From Paul L Caron's TaxProf Blog:
Death of Maureen Cavanaugh
Published April 5, 2005
It is with great sadness that I bring you the news of the death of our friend and colleague Maureen Cavanaugh at the too-young age of 50. Her Penn State colleague Bill Barker told me the news this morning and asked me to share it with Maureen's many friends and admirers in the tax community. He said that Maureen has been battling a serious illness from some time but did not have any other details. He promises to keep us posted as other information becomes available. In the meantime, I thought it would be appropriate to re-run the Tax Prof Profile of Maureen that we published in June:
Maureen Cavanaugh has followed a non-traditional path in becoming one of the leading tax scholars and teachers of her generation. She is leaving her tenured post at Washington & Lee for Penn State-Dickinson and shares with us her story. Let me first fill in some background of her journey.
Maureen earned a B.A. from Swarthmore, M.A. & Ph.D. from Cornell, and (15 years later, in 1995) J.D. from Minnesota, where she was Editor-in-Chief of the Journal of Law & Inequality. She practiced with Coopers & Lybrand (Minneapolis & Philadelphia) for two years before joining the faculty at Washington & Lee, where she has won numerous research and teaching plaudits. She served as Alumni Teaching Fellow (2001-02) and John W. Elrod Law Alumni Association Fellow in Teaching Excellence (2002-03). Maureen has written several important articles, including:
• Tax as Gatekeeper, Why Company Stock Is Not Worth the Money, 23 Va. Tax Rev. 365 (2003)
• On the Road To Incoherence: Congress, Economics, and Taxes, 49 UCLA L. Rev. 685 (2002)
• Order in Multiplicity: Aristotle on Text, Context, and the Rule of Law, 79 N.C. L. Rev. 577 (2001)
Maureen picks up the story:
My education in and teaching of Classics (Greek, Latin, ancient history, archaeology) proceeded until I had to interrupt it to run a rental real estate firm and do elder care after my aunt had her first massive stroke. Hence my interest in employee benefits -- first hand experience.
Family obligations have a way of not being "neat" in terms of time obligations or commitments, so when all was said and done, it seemed eminently more practical for me to go to law school rather than go back into the ever shrinking classics job market (since finding a job in the same area as my husband has proved challenging throughout our careers post-college). Tax turned out to be like Classics in its need to look at everything; the Code is more like Greek inscriptions (the subject of my dissertation) than anything else in law school so it was a natural "fit." (I did get to update and revise my doctoral dissertation, Eleusis and Athens: Documents in Finance, Religion and Politics in the Fifth Century B.C. (1996), for publication before law school and complete the final editorial work on it during law school. It turns out that my book was to be my first look at ancient finance and taxation while my law school note was the beginning of my interest in what Aristotle might add to modern legal discourse.)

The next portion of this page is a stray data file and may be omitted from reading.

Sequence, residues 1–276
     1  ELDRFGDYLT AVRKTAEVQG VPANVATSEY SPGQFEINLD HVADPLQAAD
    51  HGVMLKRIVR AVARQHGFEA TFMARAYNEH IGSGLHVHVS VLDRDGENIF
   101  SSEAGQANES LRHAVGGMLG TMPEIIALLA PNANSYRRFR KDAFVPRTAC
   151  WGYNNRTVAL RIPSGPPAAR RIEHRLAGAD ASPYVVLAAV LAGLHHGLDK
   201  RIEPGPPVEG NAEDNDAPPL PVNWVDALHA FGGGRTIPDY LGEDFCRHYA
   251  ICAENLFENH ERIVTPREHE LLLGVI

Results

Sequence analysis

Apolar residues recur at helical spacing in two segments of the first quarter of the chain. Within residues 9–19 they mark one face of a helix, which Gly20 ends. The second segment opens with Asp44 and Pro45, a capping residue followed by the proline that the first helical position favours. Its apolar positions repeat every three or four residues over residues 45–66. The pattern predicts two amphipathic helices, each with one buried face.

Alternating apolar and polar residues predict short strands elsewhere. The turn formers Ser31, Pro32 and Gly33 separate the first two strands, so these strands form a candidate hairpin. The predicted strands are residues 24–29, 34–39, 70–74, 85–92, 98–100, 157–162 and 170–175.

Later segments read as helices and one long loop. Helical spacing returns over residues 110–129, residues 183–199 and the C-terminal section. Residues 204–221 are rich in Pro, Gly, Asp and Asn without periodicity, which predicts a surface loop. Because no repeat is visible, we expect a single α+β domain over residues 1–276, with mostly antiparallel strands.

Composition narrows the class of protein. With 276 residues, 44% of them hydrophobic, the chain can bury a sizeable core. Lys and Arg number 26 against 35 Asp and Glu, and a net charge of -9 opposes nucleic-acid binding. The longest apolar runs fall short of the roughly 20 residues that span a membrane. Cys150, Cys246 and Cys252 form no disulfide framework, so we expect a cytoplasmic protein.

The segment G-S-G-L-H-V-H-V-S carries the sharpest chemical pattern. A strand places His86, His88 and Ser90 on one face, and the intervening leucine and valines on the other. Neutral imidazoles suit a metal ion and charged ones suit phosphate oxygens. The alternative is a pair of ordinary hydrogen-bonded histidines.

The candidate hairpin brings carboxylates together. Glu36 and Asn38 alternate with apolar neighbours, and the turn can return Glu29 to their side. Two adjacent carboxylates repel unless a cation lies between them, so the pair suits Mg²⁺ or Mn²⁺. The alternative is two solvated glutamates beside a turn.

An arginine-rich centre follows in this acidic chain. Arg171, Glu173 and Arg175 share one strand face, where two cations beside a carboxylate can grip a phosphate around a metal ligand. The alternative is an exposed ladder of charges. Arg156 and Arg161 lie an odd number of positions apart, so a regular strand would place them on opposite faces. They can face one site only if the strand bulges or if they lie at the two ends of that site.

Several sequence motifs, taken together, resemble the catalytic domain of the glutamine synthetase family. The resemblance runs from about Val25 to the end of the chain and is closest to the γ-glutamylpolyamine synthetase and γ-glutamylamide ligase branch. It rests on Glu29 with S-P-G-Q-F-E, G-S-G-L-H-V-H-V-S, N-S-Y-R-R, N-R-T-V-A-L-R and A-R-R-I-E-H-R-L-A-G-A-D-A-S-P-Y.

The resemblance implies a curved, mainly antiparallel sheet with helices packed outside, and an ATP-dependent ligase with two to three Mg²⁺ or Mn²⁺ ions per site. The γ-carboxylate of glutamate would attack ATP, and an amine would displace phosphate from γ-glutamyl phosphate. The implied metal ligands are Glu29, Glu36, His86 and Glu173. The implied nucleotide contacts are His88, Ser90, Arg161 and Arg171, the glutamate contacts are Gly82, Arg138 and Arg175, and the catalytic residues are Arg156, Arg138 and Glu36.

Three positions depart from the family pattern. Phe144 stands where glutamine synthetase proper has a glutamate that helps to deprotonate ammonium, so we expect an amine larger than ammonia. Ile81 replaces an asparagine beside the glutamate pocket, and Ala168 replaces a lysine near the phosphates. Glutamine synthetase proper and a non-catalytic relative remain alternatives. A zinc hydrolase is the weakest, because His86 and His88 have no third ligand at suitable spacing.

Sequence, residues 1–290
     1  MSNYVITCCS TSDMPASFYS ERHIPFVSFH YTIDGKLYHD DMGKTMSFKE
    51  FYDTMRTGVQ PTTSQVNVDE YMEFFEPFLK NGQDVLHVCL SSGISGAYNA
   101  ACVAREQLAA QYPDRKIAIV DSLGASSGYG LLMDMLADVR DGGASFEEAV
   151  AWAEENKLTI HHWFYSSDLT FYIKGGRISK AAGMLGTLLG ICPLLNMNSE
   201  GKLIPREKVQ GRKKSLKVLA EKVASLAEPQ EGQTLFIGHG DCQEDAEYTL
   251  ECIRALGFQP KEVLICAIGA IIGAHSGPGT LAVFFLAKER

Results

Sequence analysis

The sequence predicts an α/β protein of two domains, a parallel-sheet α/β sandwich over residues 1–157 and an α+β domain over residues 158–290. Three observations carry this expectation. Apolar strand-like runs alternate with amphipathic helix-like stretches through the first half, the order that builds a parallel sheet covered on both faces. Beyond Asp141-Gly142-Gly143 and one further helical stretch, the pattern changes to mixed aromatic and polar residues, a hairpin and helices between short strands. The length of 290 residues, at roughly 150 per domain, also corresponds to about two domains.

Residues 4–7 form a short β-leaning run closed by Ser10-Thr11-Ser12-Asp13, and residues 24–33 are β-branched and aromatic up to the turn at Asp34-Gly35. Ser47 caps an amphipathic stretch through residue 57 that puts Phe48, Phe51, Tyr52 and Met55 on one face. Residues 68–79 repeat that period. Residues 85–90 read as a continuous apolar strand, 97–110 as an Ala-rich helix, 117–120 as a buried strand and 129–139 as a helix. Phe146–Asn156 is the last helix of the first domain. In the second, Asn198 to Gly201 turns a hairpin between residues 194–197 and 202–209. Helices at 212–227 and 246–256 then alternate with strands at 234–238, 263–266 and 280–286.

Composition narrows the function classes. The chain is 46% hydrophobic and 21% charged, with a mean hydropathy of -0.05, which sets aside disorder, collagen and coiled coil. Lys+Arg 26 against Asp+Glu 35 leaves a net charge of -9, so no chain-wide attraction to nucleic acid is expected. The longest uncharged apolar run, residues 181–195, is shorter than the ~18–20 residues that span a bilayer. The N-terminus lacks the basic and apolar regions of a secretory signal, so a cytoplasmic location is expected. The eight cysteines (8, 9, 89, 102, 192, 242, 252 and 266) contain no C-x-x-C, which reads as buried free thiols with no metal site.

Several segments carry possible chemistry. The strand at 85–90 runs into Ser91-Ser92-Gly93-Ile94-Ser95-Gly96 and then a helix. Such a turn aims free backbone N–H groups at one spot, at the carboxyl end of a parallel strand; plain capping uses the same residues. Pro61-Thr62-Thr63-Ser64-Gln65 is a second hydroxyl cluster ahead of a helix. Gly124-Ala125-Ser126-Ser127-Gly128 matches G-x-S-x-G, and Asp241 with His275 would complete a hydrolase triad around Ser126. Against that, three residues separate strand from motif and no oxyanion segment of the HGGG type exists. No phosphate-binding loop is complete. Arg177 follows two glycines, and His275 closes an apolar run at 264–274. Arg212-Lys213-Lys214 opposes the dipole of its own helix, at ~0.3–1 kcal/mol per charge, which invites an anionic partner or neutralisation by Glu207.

After law school, I joined Coopers & Lybrand, a choice dictated in part by the nature of tax practice in Minneapolis and because the judge I was to clerk for was diagnosed with a brain tumor (it is hard to complain about the need to look for a job when the first woman Minnesota Court of Appeals Chief Judge is dying of a brain tumor!). Practice was fun but, as everyone knows, there is no time for writing -- which I found I had been able to do with my book even in law school.
I got my first job in teaching tax at W&L in 1998 and received tenure there in 2002. The desire to live with my husband who works in the D.C. area (never having found a satisfactory job closer) and the possibility of being at a first-rate research university (useful for my inter-disciplinary work) has me leaving W&L to join Penn State-Dickinson. The first part of my inter-disciplinary work combining my interest in tax and antiquity is my article on Athenian Taxation, Democracy, Equality, and Taxes, 54 Ala. Law Rev. 415 (2003), cited by New York Times Pulitzer Prize-winning Reporter David Cay Johnston in his April 18th article, A Taxation Policy to Make John Stuart Mill Weep [blogged here]. I am currently working on an article on Roman taxation.
Carlisle is quite a bit closer to D.C. and many new faculty have spousal connections there, so the administration is understanding. The impending move (at least part of the Law School will move to University Park, it now appears, although nothing is definite at this moment) is so far in the future as to require discounting its present value to zero (and since my husband works for one of the companies owned by the major airlines, the nature of that business will probably be quite different in 5 years.). In the meantime, we will enjoy living together under the same roof and wait and see what the future brings.